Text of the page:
Voice from the Commonwealth
Commentary, World Views and Occasional Rants from a small 'l' libertarian in Massachussetts

"If ye love wealth greater than liberty, the tranquility of servitude better than the animating contest for freedom, go home and leave us in peace. We seek not your council nor your arms. Crouch down and lick the hand that feeds you, and may posterity forget that ye were our countrymen." - Samuel Adams

Friday, June 13, 2003

Okay, here's my question. If you fired some workers why would you then attend a meeting to discuss severence pay with a bunch of men armed with spears?

Workers fired from a Volvo dealership in Indonesia attacked their Swedish boss with spears during a dispute over severance pay, police said Friday.

Michael Olsson was stabbed in the back and slashed in the face at a meeting with the workers last week in Balikpapan, East Kalimantan on the island of Borneo, police said.

< email | 6/13/2003 03:24:00 PM | link


Eighty cracks have been revealed in China's colossal Three Gorges Dam, just days after engineers closed the dam's sluice gates and began filling a 640 kilometre long reservoir.

Pan Jiazhong, head of the dam's inspection group, said: "If water enters these cracks there could be negative effects, so we are fixing them very carefully. However, he denied that the cracks, up to 10 metres long, mean that the dam is seriously damaged.

Experts contacted by New Scientist agree, saying a catastrophic failure is unlikely. "It's a statistical fact that most dam failures occur on first filling. But the Chinese are very competent engineers, so I would not be overly concerned," says Richard Cox, a dam supervising engineer for the UK Environment Agency.

< email | 6/13/2003 03:21:00 PM | link

Now that's a useful idiot.

Operation Iraqi Freedom prompted Jim Taylor, a retired journalist and author who has interviewed some of the most high-profile figures in the Arab world, to initiate a letter-writing campaign to help "save the life" of Aziz.

Taylor said he grew close to Aziz after discovering they shared the Catholic faith and worshipped at the same church in Baghdad.

"Tariq Aziz was called one of the world's greatest statesmen, and now he is one of the world's greatest war criminals," Taylor said. "And the same people who praised him now want to try and execute him in some kind of kangaroo court, which would be illegal and have no standing at the U.N. or the World Court."

Who called Aziz one of the "world's greatest statesmen"? Taylor? People said the same about Stalin and Hitler at some point. Should they not be villified and have faced trial of captured?

Taylor, 79, who has lived in Scottsdale for 22 years, worked as a publicist for Saddam's regime from 1982 to 1984 during the Iran-Iraq war. He is one of the few Americans with an inside view of the oil-rich nation whose fortunes and misfortunes have split world opinion.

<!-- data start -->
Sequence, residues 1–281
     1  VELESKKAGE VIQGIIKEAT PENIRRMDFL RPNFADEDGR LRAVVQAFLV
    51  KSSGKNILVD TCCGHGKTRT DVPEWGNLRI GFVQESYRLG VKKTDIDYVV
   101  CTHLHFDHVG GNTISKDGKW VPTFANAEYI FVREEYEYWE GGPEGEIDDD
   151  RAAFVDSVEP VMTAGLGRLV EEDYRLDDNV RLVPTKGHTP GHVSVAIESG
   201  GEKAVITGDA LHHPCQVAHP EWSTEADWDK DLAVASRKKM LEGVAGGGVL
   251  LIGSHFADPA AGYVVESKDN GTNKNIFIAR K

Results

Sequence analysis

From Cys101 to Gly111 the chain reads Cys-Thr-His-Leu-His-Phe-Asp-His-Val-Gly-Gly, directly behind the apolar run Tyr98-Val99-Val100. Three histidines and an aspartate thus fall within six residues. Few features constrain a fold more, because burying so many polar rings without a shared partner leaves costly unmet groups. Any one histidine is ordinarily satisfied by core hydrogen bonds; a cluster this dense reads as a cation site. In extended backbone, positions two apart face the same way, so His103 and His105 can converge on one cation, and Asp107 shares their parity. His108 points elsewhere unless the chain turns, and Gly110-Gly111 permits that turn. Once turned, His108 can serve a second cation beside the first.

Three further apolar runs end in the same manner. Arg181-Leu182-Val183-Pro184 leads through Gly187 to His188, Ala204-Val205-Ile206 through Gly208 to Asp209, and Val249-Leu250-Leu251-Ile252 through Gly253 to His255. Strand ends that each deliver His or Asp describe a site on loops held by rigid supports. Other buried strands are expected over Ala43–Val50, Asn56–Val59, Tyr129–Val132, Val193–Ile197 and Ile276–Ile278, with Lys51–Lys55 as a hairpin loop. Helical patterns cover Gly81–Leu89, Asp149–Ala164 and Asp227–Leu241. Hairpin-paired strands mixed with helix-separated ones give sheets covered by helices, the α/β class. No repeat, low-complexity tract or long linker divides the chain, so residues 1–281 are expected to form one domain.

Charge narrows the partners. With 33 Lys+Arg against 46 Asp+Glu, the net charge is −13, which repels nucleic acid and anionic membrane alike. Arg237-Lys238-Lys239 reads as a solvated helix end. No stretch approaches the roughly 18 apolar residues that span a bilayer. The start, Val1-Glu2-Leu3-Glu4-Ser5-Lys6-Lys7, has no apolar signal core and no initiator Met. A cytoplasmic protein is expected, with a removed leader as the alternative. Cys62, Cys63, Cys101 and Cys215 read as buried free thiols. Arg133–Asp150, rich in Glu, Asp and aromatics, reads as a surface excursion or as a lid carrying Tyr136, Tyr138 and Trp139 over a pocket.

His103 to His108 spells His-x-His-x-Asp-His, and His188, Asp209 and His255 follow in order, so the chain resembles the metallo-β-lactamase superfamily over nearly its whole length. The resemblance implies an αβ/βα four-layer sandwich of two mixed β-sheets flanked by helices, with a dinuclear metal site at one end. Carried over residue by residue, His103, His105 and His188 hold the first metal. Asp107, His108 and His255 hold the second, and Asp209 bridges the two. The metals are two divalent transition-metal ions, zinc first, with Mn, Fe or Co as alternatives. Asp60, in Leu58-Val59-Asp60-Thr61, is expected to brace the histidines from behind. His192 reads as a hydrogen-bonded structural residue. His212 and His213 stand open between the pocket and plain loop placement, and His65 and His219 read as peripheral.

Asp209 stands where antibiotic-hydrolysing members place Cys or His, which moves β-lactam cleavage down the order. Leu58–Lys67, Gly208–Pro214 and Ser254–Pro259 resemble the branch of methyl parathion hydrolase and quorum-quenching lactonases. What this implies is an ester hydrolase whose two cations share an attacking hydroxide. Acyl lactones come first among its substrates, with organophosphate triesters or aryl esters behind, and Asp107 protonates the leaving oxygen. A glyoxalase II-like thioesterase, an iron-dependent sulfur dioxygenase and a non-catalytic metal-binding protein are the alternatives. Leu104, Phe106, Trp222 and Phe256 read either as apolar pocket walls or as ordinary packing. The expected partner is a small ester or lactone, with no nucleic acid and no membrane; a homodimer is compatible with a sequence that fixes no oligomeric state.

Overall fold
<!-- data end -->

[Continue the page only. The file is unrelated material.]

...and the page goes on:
Though most Americans will remember Saddam as a brutal tyrant, Taylor said he doesn't feel hatred for him because of how well he was treated in Baghdad.

"I will always remember him because he sent me to hear the lilting strains of Tales of the Vienna Woods and other waltzes while drinking champagne," Taylor said through a drawl evolved from his native Tennessee.

Other gifts such as an Iraqi headdress from Saddam, which sits on Taylor's couch like a decorative pillow, and an autographed portrait of the late King Hussein of Jordan, are scattered about his house.

Hey, he started two wars to capture land? He ran a police state and slaughtered hundreds of thousands of Iraqis? Forget all that, he was nice to Taylor and that's what really counts, I guess.

< email | 6/13/2003 02:19:00 PM | link

Happy Birthday

The 228th Birthday of The United States Army and the logo for this year's theme recognize our efforts to transform this, the most respected Army in the world, into a force that is strategically responsive and dominant at every point along the spectrum of operations--all while engaged in the ongoing global war against terrorism.

< email | 6/13/2003 01:56:00 PM | link

Another mass grave.

Khabat, which speaks for the Kurdistan Democratic Party (KDP) of Massoud Barzani, said hundreds of Kurds had been digging up at the site since Wednesday to unearth remains of their loved ones.

The paper claimed that the remains of 3,000 civilians, including women and children, had been unearthed at the site west of the oil-rich city of Kirkuk on the road to Baiji.

< email | 6/13/2003 01:54:00 PM | link

Well, that can't be good news

Western intelligence sources said Iran and North Korea have exchanged several visits of nuclear scientists over the past five six months. They said the visits focused on an effort to duplicate nuclear infrastructure assets. Iran and North Korea want to ensure that their nuclear weapons programs can withstand an international embargo or military strike.

"The level of Iranian-North Korean nuclear cooperation this year has risen dramatically," a senior intelligence source who monitors North Korea said. "Iran is moving away from relying on Russia and sees North Korea as its major guarantor of Teheran's nuclear program."

A U.S. official confirmed the exchange of visits between Iranian and North Korean nuclear scientists during 2003. The official said Teheran has sought to acquire North Korean nuclear weapons expertise as Russia comes under increasing U.S. pressure to suspend construction of the Bushehr nuclear reactor.

< email | 6/13/2003 01:45:00 PM | link

Say what now?

A Chinese zoo has agreed to suspend its policy of allowing visitors to shoot some of its animals. The zoo, in Dandong, rented out rifles and allowed people into special areas where they could shoot the animals.

It was seen as a unique attraction to bring in more visitors but led to numerous complaints from animal lovers. Zoo staff defended themselves, saying visitors were only allowed to kill unprotected species.

< email | 6/13/2003 12:07:00 PM | link